(August 6, 1980-May 1, 2003)

NORTH/EAST End: Stop sign, IA 5 and J3T, Moravia, Appanoose County

Highway 142 is like 136 and 410 in one respect: It's a highway that has near-equal distances north-south and east-west, making for a highway that forms half a rectangle. In 142's case, the other two sides are filled with IA 2 and 5. As the crow flies, the total N-S distance is 10 miles, and E-W is 11.25, but as the car drives, using the junction with S70 as the switch point, the N-S distance is 11 miles and E-W is 10!

The Feb. 6, 2003, Centerville Daily Iowegian ran an article on 142's changeover, headlined "A switch in the road." Appanoose County decided to take the road voluntarily, with $5 million from the DOT, deciding that was a better deal than "to wait and have legislation force it onto them with no accompanying funding."

The article had a large picture of Appanoose County Engineer Jim Armstrong by the first sign heading north (visible in Ben Prusia's picture below), marked as "North," heading into Plano. The town of Numa was mentioned twice in this paper, the second time in an AP article about preserving old high schools. Numa had a powerhouse of a girls basketball team in the 1940s.

According to a DOT meeting agenda, IA 142 in its entirety, including the segment through Plano, was turned over Jan. 14, 2003; however, official documents indicate an effective date of May 1. The signs were still up in late January as evidenced by the photos below.

Facing east on 142

Photo by Jerry Power

Closer to the intersection

Photo by Jerry Power

Until the 1970s 5 was a bit farther east. The road was straightened out, running along the west side of Moravia (see the LGS below). J3T continues from this intersection.

Enlargement of signs on right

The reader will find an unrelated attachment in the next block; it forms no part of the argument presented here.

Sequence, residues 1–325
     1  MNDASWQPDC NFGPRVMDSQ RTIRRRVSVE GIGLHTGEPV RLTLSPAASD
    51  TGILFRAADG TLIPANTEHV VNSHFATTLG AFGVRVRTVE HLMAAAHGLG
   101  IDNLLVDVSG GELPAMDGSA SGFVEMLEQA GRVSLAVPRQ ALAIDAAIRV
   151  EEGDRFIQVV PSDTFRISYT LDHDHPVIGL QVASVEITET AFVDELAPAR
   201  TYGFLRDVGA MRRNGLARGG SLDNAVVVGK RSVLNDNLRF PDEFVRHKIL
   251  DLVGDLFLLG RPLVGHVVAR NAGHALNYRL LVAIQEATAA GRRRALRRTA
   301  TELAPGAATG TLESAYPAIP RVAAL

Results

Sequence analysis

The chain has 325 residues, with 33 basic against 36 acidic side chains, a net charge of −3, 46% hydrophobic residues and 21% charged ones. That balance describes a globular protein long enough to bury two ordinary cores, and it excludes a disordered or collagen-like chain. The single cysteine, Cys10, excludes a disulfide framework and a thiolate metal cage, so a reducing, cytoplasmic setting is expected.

These signs appear all well and good, but when you look from the other directions, weird things are going on.

Facing south on 5

Notice there is no signage for J3T (here, going left) on 5.

Facing south on 5

Just like the signs on US 34 at IA 5 in Albia, "Rathbun Lake" includes no mileage. The lake is more than a mile away, so what's up with that?

Facing north on 5

Facing west on J3T

I know I travel a lot, but I didn't expect to end up in western New England, which is where US 5 runs.

Facing west on J3T

Appanoose County goofs up not once, but twice.

Signs facing west

Northwest corner of 142

Facing west on 142

By mid-June, all 142 shields were gone and replaced with J18 and S70. These were the names before the state took over the road, and the two share some mileage. The upper right part of the assembly may have held a "Jct", but a "North" would be accurate to place there now. The rural sign assembly hadn't changed, though.

Facing south on 142

Did 142's signage change along the route? This assembly just south of the turn makes me think so. The two county roads split after crossing Rathbun Lake, and perhaps that was where the north-south signage took over.

SOUTH/WEST End: Stop sign, IA 2, Appanoose County

Facing south, but heading west, on 142

Photo by Ben Prusia

Same pole, June 2003

The road you see that continues south for 0.15 miles runs into an old (and paved) alignment of IA 2, with a few more corners than the current diagonal here. You can see the road hang a left; to the right is a stub of the old route.

Facing west on 2

Facing east on 2

Facing east on 2

Facing north

This metal sign is on a short gravel road connecting present 2 with an old concrete alignment.

Last seen: 2003

Special thanks to Jerry Power for getting the photos near Moravia and the newspaper article.

Pictures by me: Fourth-eighth, 7/11/05; 11th-13th, 15th, and 16th, 6/16/03; ninth, tenth, 17th, 18th, and 19th, 9/13/11

Page created 10/14/02; last updated 3/17/17

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